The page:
New York’s Charlie Palmer Steak, in a New Location, Is as Good as Ever

The revamped restaurant has moved into the Archer Hotel

The new space is bright and high-ceilinged.

The New York City outpost of Charlie Palmer Steak is one of the city’s most underappreciated steakhouses (as previously discussed), based on the high quality of the steaks served as well as the many other creative and surprising dishes coming out of the kitchen; it’s one of the rare steakhouses that pays as much attention to non-steakhouse menu items as to the steakhouse staples, and chef Ryan Lory puts local, seasonal ingredients to very good use. The restaurant’s space proved to be a challenge for them for several reasons, though, so late last year the operation moved into the Archer Hotel on 38th Street just north of Herald Square (in the space previously occupied by David Burke’s Fabrick), and it’s a decided upgrade from the low-ceilinged, staid previous dining room.

We had the opportunity to check it out for ourselves recently, and while the menu maintains its format, everything else feels newer and fresher. The restaurant’s stylish bar is integrated into the new hotel’s lobby, and the dining room beyond is bright and spacious. It’s decorated in shades of cream, royal blue, and tan, and a couple gunmetal gray pillars lend it a slightly industrial-chic vibe. An overhead skylight lets in plenty of natural light, and there are a few large tables, a few romantic nooks, and a high-top that seats 12.

Dan Myers

As mentioned, the menu hasn’t changed much (no more than it usually does, on a seasonal basis), and that’s a good thing. Littleneck Clams Casino are topped simply with a slice of applewood-smoked bacon and garlic butter and served alongside a charred lemon, letting the flavor of the clams shine. A lobe of fresh burrata is served on a pool of bright kale pesto (since switched to ramp pesto for spring) and topped with twists of prosciutto, microgreens, cape gooseberries, and aged balsamic. Tuna tartare is diced into large cubes, similar to poke, simply dressed with citrus ponzu, pickled ginger, and sesame crisps, and arranged atop puréed avocado. Charred Spanish octopus is served with a hearty Spanish-inspired mélange of chorizo and white beans and drizzled with smoked chile vinaigrette, and is tender enough to eat with a spoon. One of the two seasonal pastas always on the menu, fresh mezze rigatoni with chunks of housemade Berkshire sausage and a creamy Parmigiano-Reggiano-based sauce (above), is hearty enough to warm you up on a cold winter night.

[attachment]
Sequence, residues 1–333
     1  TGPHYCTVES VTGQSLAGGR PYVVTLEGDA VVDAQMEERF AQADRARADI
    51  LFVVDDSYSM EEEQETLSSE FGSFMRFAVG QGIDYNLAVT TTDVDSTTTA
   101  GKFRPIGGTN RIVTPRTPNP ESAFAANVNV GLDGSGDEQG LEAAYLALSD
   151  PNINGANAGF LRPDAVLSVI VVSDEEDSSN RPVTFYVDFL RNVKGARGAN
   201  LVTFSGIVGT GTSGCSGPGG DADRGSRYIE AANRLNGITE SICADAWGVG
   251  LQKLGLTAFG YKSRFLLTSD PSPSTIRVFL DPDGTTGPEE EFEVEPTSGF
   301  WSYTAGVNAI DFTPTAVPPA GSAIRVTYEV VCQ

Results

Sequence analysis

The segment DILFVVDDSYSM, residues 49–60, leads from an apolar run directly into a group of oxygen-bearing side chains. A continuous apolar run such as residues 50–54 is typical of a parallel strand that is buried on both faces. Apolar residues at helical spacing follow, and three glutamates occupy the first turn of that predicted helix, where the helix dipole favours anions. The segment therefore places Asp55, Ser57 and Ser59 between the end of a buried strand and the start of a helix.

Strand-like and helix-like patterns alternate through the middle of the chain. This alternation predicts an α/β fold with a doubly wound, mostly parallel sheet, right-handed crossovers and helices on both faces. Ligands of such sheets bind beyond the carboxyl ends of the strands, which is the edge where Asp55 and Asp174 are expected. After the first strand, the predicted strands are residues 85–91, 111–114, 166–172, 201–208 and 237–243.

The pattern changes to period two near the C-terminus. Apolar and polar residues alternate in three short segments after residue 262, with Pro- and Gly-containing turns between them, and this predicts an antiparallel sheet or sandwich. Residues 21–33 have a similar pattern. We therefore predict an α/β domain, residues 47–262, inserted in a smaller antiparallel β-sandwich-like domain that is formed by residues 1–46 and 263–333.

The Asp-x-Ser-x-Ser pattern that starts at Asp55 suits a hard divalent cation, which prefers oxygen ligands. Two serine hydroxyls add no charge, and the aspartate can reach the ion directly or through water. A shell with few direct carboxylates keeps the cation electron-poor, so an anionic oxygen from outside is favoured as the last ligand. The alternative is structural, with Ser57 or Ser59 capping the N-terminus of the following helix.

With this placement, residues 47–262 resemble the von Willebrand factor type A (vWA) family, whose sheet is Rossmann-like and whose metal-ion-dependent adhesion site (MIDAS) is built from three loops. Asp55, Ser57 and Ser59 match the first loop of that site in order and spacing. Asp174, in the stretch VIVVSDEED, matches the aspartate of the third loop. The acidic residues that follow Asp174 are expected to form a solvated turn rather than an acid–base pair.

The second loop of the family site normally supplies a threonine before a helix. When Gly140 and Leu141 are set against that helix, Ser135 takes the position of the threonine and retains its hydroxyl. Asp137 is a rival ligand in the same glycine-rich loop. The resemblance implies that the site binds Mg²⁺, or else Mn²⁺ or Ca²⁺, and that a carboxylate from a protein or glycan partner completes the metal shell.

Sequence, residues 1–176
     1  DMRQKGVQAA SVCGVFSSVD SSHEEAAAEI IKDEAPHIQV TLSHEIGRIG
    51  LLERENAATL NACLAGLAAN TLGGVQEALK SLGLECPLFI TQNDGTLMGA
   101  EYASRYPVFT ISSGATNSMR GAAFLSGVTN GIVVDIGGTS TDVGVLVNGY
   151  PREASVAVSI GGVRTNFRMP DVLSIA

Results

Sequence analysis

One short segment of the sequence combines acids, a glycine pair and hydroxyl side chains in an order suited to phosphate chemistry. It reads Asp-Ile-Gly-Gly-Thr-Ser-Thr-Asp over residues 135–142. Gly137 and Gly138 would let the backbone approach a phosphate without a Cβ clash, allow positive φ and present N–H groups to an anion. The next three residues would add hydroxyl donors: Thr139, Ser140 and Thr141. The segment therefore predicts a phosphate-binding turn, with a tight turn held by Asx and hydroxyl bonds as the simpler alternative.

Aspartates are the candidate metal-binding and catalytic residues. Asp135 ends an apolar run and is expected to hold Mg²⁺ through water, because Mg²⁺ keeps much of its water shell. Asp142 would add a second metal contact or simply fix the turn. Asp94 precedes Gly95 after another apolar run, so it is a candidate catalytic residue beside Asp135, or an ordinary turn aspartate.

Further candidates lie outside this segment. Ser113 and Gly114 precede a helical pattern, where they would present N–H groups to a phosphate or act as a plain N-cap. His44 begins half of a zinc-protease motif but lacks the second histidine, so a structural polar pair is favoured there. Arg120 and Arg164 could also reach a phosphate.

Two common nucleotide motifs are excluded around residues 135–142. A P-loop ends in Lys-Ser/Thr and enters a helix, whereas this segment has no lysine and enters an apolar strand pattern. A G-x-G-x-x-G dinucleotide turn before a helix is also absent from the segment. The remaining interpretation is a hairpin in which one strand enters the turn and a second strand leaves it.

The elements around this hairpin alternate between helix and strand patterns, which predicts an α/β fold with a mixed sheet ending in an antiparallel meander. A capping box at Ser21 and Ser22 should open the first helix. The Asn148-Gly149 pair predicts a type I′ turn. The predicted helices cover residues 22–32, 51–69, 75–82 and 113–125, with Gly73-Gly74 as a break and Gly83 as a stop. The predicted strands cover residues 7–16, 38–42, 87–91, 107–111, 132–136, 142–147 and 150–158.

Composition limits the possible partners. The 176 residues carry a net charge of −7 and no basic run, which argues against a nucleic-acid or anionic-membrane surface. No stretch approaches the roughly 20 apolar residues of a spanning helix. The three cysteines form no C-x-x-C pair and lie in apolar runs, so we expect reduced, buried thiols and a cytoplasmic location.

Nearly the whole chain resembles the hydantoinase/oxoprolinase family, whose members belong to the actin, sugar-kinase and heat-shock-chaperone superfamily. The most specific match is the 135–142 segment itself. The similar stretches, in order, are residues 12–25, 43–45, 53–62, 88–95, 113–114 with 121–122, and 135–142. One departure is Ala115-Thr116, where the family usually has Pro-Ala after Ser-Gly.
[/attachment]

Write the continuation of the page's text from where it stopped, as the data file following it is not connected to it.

Dan Myers

And that’s all before the steaks! The kitchen brought out two of their large-format steaks, a porterhouse for two and a tomahawk ribeye, and they were both perfectly cooked to medium rare and given a deep char from the ripping hot broiler. Served sizzling on cast iron platters, these were absolute showstoppers, and were full of that rich, beefy flavor you look for in a well-aged steak (these are dry aged for 30 days). For dessert, we were able to muster a little additional stomach space for a fresh-baked sticky bun topped with cream cheese frosting and salted caramel ice cream. And as for the wine, sommelier Amanda Streibel has assembled a stellar 400-bottle-strong collection of steakhouse favorites as well as some unexpected surprises; we discovered a premier cru Burgundy that was surprisingly very affordable.


Charlie Palmer Steak got a new lease on life when it moved into this new space, and this is only the beginning; Palmer has taken over all culinary operations for the hotel, including a rooftop bar. If you’re looking for a steakhouse that delivers the goods, is fresh and modern, and doesn’t give short shrift to menu items that aren’t steak or the traditional accompaniments, we’d highly suggest keeping this place on your radar.

Maggie Marguerite